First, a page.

The Viking's Stolen Princess
Oh, friends. It’s been a long time since I penned a full-length review. Life. Amiright? As many of you know, I like Viking romances. A lot. I like to read about marauding men and women who travel the sea. I like the descriptions of body tattoos and crazy shaved hairstyles. Braids. I’m here for longboats and longhouses and beautiful carved woodwork. Cold weather. Steamy baths. All of it. So when my editor tempted me back to AAR with a Viking romance, I started reading it right away. And then I put it down. For reasons. Tried again. Put it down. Tried again. You see where this is going, right?
I’m not here for formulaic stories that transpose those Viking essentials into the ordinary and totally un-extraordinary, and unfortunately, because it’s both, I can’t recommend The Viking’s Stolen Princess to you. TVSP features an unlikeable, underdeveloped heroine paired with a Viking warrior/leader who doesn’t seem to do much except pant after a woman he’s taken as a prisoner in a complicated revenge scheme. A woman he’s lusted after since a brief, chance meeting when she was just a young girl and she interrupted a loathsome bully nearly beating him to death. The writing is clunky and sometimes ridiculous – reader, I highlighted so many passages that my kindle copy is a sea of red – and unfortunately, the story is predictable and boring, too.
Here’s what you need to know if you’re still up for trying a debut author giving the Viking world a go. Saxon princess Lady Anne of Termarth was raised by her father, King Eallesborough, after her sad and lonely mother died when Anne was a young girl. She’s good to the people in the kingdom – a saint, really – but neglected by her powerful father. Anne dreams of a true love to sweep her away from her oh-so-sad life as a princess in a castle (um). When the story begins, she discovers she’s finally leaving – but not in the way she’s hoped. In a last ditch attempt to protect his kingdom from a possible invasion by Northmen (also sometimes referred to as Danish warriors and Danish barbarians), King Eallesborough brokered a marriage between her and Ealdorman Lord Crowe of Calhourn in exchange for an army of men. But Lady Anne doesn’t love him! Friends, she doesn’t even like him! She thinks he’s a toad. She fears she’s destined for an unhappy marriage like her mother’s and her only solace is that the union would bring the people more security from the Northern clans. Oh, you sweet rich princess. You’re the best.
A distraught Anne heads for the ramparts of Termarth Castle to have a good cry only to discover she isn’t alone! Nope, there’s a man! And he knows her name. . . As he stepped into the moonlight, lowering the hood of his woollen cloak, Anne found herself staring across the passageway into the wild blue gaze of the most fearsome and fascinating man she had ever seen. . . This was the face of a man who had seen many battles. He epitomised the meaning of danger. Our dangerous stranger introduces himself as Brand Ivarrson of Kald – one of her father’s deadliest enemies! Brand the Barbarian! OH NO! He tells Anne she’s coming with him, she says she isn’t, this goes on for a bit and then Anne tries to throw herself off the castle wall. He stops her, chastises her, and then Brand carries her off and she doesn’t fight him. Yet. (Keep waiting for that, friend. It never happens).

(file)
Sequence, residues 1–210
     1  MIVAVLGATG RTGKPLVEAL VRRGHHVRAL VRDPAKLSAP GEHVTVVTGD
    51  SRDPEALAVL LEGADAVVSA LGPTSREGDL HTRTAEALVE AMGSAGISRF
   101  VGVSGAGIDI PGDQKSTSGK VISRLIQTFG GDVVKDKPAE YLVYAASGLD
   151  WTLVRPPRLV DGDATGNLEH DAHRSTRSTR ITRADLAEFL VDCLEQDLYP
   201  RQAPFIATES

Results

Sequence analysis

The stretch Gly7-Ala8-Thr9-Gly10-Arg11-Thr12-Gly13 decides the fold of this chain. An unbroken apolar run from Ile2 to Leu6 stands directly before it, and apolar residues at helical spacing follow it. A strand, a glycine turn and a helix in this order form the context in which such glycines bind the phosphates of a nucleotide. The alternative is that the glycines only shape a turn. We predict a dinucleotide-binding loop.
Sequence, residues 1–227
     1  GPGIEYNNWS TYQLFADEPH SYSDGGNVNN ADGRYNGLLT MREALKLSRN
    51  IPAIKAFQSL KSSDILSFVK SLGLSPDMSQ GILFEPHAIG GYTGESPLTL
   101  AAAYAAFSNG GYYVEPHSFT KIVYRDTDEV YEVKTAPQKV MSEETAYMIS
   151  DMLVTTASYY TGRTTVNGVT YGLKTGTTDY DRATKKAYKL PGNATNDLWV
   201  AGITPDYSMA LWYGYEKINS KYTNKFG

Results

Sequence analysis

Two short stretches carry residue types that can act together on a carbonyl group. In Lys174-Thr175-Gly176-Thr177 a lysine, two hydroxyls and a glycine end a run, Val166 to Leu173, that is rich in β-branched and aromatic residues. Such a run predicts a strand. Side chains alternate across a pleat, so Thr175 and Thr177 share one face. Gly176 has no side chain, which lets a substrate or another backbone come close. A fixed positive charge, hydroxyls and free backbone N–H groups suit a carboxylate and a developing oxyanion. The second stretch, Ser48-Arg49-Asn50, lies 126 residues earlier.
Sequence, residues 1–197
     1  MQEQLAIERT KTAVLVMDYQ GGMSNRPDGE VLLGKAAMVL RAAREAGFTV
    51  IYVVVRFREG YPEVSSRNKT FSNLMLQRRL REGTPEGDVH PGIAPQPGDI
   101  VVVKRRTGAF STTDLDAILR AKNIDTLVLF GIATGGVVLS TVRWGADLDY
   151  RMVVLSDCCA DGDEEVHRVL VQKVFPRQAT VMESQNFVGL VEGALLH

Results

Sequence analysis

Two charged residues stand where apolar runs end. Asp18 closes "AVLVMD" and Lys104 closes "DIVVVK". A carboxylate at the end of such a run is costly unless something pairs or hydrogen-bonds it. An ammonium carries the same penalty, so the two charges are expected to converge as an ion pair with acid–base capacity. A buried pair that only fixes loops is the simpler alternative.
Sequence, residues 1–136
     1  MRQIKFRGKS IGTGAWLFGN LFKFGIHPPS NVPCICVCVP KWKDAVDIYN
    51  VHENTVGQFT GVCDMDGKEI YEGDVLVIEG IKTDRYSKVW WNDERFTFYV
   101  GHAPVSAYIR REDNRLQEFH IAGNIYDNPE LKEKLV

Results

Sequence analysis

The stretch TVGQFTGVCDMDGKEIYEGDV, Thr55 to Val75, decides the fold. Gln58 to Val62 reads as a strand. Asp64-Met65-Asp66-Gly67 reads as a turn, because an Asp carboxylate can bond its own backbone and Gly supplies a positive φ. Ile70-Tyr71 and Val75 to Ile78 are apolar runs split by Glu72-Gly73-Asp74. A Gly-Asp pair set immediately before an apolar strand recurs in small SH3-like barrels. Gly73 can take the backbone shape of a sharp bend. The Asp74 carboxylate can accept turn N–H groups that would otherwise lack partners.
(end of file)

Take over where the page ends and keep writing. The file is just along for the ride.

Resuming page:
A long time ago, a young Brand was beaten to a bloody mess by a teenage Lord Crowe of Calhourn and his friends. But he never forgot the young girl who found him and tenderly wiped the blood from his face before running away again when she heard footsteps approaching. Crowe then went on to do some more awful stuff to Brand’s family (he’s the villain!), and Brand HAS FINALLY HAD ENOUGH. He’s stealing Anne away from Crowe – take that Crowe! – and plans to use her in a complicated revenge scheme. Anne doesn’t know Crowe was the man who beat Brand to a bloody pulp. In fact, she doesn’t remember him either! But Brand remembers her, and unfortunately for him, she’s just as beautiful as he remembers. The epitome of elegance, he’d recognised her glossy dark brown hair, worn in two thick, long plaits. THAT DOESN’T EVEN MAKE SENSE.
TVSP chronicles the adventures of Brand and Anne as Brand spirits Anne away on his faithful steed (reader, that’s how the horse is described!) to make her a prisoner of Kald. He spends most of his time fighting to keep his sea serpent from soaring whenever she’s near, and she tries to resist his deep, dulcet voice and sexy body and hair and tattoos, non-stop lust, and his kindness as she reluctantly plots to get away. They bicker and argue, too! And sometimes his warriors try to hook up with her and Brand loses his everloving mind fending them off. They also FALL IN LOVE but don’t admit it to each other. That’s not the done thing in enemies-to-lovers romances. This ridiculous road trip leads them eventually to Kald, and once they’re there… not much happens. When Rodi finally brings this farce of a story to a close in a totally underwhelming, sticky sweet, completely unsurprising and they all lived happily ever after ending and epilogue, I was happy to be done with it.
Reader, I wanted to get on board Brand’s faithful steed and just enjoy this story but I couldn’t. These two are in lust/love from the get-go, and the story just goes nowhere. I hoped Crowe would at least feature in a particularly nasty revenge scene, but even that was a disappointment. I love a good enemies-to-lovers romance and I love Vikings. I don’t love this story. I didn’t even like it. I can’t recommend it. The good news? This is only Rodi’s debut. I won’t be reading her next book – or even probably the one after that. But maybe you will. And you’ll tell me to try her Viking love stories again. We’ll see.